Your Top Frustrations Are Staffing, Compliance Changes – Practice Management Survey

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Your Top Frustrations Are Staffing, Compliance Changes – Practice Management Survey

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Compliance Practice Management Survey

If staffing concerns keep you up at night, you’re not alone. Finding/keeping staff and keeping up with compliance changes are the top practice management and compliance issues that practice managers and physicians face, according to the results of Training Leader’s Medical Practice Top Challenges Survey. Read on to see how you stack up to your peers concerns and find some great trainings to help you overcome your top compliance and practice management challenges.

Getting the Right Practice Staff Is Top Challenge

Hiring takes a lot of time and filling the position with the wrong body is even more cost prohibitive than leaving an empty seat. In medical practices, you struggle with hiring managers, CMAs, employees overall and getting the correct structure, leaders and reducing staff turnover. Other top practice management services that keep you challenged include more operational items: keeping patients happy and having too much to do. Keeping up with insurance provider changes is another top headache trigger.

Staying on Top of Compliance Changes Is Ongoing Issue

Keeping up with changes is a common concern in compliance too. Keeping up with changing federal and payer compliance rules are at the top of your mind. The next big challenges are keeping up with MIPS and internal audits. Finally, educating staff on all the changes is a continuing struggle.

Overcoming Training and Patient Barriers Is Front Desk Focus

When you’re stress about front desk issues, it’s mainly in one of two people buckets. Staffing and education are continual struggles. And dealing with patients is the other. From HIPAA to handling walk-ins to discussing patient balances and recalling patients, making the front desk operate efficiently and pleasantly is your top focus.

Credentialing, Enrollment Process Is Time Consuming, Expensive Burden

Credentialing and insurance enrollment rank right up there with your medical practice top challenges. You’re concerned about whether it’s worthwhile to contract with a given payer, how to handle payers that don’t use CAQH, and knowing if your contracted rates are competitive. Plus, you’re challenged by the numerous steps for credentialing and enrollment and the delays that come from backlogs. Getting your providers recertified at participating hospitals is also an ongoing challenge.

Keeping Up with Denials, Changes Is Top Payer-Related Billing Frustration

You have less challenges with coding and billing. But you are frustrated by three obstacles dealing with denials, keeping up with changes and handling both items with payers. Most of you (81% of survey responders) still choose to tackle billing in house. Only 11% outsource billing. Seven percent use a combination of an agency to handle the bulk tasks and in house to process denials.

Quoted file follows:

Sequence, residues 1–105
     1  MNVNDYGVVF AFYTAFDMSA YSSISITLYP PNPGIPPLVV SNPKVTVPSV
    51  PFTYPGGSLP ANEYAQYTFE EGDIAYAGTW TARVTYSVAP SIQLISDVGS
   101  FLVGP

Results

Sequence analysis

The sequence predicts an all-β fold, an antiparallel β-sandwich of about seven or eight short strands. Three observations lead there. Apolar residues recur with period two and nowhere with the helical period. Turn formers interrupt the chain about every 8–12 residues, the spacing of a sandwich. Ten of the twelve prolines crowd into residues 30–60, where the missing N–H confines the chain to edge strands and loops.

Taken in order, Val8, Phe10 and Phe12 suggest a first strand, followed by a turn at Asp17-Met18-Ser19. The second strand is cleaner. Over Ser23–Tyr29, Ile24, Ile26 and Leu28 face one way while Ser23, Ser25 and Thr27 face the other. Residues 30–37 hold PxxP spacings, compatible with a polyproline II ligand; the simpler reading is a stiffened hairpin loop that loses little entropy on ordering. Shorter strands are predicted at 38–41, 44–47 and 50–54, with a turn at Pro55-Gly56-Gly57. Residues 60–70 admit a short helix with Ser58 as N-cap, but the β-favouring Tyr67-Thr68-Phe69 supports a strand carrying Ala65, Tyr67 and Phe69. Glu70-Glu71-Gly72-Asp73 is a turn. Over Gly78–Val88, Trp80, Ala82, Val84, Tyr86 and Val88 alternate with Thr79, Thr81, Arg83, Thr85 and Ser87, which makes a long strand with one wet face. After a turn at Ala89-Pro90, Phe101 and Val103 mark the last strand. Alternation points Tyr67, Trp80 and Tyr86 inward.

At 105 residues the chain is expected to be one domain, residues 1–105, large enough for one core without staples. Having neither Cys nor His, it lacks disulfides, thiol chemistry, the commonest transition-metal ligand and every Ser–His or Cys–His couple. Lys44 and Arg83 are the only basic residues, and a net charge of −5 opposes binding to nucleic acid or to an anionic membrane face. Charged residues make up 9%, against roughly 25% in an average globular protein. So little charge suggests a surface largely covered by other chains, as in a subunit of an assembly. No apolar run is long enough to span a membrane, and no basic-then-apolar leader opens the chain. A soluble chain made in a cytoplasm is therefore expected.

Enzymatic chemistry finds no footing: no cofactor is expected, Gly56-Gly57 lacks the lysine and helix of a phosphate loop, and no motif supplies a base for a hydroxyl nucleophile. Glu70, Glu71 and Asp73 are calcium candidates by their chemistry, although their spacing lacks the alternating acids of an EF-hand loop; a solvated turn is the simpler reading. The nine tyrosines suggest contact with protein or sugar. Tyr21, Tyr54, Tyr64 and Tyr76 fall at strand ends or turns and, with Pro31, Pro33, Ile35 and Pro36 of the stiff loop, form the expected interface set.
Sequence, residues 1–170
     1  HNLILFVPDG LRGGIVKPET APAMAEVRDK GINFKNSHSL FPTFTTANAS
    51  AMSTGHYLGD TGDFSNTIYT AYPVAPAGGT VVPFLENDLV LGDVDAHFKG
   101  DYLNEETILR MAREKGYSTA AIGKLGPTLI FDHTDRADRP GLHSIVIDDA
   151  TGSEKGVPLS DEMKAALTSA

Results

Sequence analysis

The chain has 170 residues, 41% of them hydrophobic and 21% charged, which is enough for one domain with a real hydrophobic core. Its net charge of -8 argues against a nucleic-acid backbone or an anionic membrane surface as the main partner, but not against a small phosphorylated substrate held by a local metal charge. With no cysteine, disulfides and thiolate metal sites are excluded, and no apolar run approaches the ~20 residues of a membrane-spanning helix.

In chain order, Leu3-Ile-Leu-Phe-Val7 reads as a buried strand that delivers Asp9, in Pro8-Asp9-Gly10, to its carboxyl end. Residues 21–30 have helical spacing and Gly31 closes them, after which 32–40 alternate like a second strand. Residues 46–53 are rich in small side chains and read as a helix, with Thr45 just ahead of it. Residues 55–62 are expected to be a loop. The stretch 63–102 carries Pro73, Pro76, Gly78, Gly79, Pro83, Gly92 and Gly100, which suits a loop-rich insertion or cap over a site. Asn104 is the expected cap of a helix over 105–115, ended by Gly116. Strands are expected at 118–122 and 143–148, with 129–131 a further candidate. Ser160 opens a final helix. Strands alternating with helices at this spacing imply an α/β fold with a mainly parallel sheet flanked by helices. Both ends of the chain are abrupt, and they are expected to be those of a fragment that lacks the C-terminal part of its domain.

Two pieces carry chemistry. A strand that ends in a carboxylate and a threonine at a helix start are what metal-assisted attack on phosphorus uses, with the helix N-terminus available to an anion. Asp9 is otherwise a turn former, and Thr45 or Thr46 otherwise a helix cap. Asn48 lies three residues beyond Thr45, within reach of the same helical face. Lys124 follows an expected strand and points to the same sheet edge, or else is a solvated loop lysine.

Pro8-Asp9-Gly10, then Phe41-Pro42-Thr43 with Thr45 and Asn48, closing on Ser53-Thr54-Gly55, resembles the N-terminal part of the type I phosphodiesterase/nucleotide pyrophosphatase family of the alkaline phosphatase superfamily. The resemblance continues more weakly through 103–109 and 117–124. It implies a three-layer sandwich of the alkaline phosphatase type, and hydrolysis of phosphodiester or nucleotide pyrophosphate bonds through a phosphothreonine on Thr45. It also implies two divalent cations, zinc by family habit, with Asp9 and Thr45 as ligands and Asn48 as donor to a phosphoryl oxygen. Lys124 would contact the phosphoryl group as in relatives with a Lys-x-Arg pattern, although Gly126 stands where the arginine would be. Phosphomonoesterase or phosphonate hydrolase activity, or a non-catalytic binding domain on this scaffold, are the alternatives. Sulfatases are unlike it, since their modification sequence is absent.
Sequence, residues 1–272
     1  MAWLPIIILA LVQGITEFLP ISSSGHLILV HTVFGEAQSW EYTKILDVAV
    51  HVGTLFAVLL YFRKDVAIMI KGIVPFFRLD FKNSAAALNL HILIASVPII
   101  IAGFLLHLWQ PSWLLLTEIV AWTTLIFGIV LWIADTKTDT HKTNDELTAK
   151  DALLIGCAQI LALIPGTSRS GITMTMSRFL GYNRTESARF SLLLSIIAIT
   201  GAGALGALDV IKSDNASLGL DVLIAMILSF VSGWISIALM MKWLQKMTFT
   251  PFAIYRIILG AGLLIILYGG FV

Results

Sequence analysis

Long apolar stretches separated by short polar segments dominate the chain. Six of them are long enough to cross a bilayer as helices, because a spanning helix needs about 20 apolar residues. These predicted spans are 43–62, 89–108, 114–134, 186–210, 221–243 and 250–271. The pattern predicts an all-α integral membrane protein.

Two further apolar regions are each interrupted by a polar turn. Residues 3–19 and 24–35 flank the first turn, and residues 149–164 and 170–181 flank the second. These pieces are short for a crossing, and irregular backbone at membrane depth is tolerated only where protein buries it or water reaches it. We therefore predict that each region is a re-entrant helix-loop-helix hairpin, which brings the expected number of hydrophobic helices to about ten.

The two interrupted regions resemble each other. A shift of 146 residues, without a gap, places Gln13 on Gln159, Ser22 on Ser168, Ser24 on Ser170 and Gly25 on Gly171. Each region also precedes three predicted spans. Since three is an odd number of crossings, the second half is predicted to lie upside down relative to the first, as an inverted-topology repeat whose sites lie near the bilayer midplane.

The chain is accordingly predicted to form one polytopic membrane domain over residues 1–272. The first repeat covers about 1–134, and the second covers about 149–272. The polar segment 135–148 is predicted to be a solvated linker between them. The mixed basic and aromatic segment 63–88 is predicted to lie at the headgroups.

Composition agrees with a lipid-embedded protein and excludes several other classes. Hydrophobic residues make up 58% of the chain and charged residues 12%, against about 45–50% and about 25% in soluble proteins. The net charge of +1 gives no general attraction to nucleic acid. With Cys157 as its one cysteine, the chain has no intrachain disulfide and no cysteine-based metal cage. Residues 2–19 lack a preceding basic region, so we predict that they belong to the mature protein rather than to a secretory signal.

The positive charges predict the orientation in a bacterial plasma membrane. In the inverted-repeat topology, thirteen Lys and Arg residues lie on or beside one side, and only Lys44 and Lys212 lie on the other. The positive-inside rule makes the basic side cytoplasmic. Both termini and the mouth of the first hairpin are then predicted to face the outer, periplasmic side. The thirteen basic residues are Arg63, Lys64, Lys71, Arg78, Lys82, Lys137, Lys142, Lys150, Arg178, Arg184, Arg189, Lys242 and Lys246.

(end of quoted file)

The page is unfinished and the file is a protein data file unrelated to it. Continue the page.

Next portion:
On Demand, Live Events Are Preferred Trainings

With amount of time and need for education ranking high, you chose the top networking and most flexible training methods possible. Live conferences and on demand online trainings were the top preferred training formats followed closely by live webinars. Check out the resources below for some on demand trainings that will keep you up to date and overcome top operational and compliance challenges.


Meet Your Writer

Jen Godreau

Content Director

Jen Godreau, CPC, CPMA, CPEDC, COPC, AHIMA ICD-10-CM/PCS Approved Trainer is an expert in practice management, billing and coding, and revenue cycle management, and brings almost 20 years of experience to the content team at Training Leader. Prior to joining Training Leader, Jen led implementations of EMRs and revenue cycle management services including credentialing. She has led teams who have created numerous software programs and tools for compliance, coding, and auditing. Her passion for all things compliance and coding has filled thousands of articles and allowed her to provide practice management consulting and due diligence for hundreds of practices.

Jen's advocacy led to the overturning of neonatology supervision restrictions, creation of new CPT ENT codes, and winning of Medicare monitoring auditing contracts. She wrote the diagnosis study guide for AAPC's Certified Otolaryngology Coder (CENTC) exam and edited the AAPC Professional Medical Coding Curriculum.

Jen has a Bachelor of Arts from Wittenberg University in Springfield, Ohio. She became a Certified Professional Coder (CPC) in 2001, added her designation as a Certified Pediatric Coder (CPEDC) in 2009, became a Certified Medical Coding Auditor (CPMA) in 2010, and a Certified Ophthalmology Professional Coder (COPC) in 2017. She is an AHIMA ICD-10-CM/PCS approved trainer.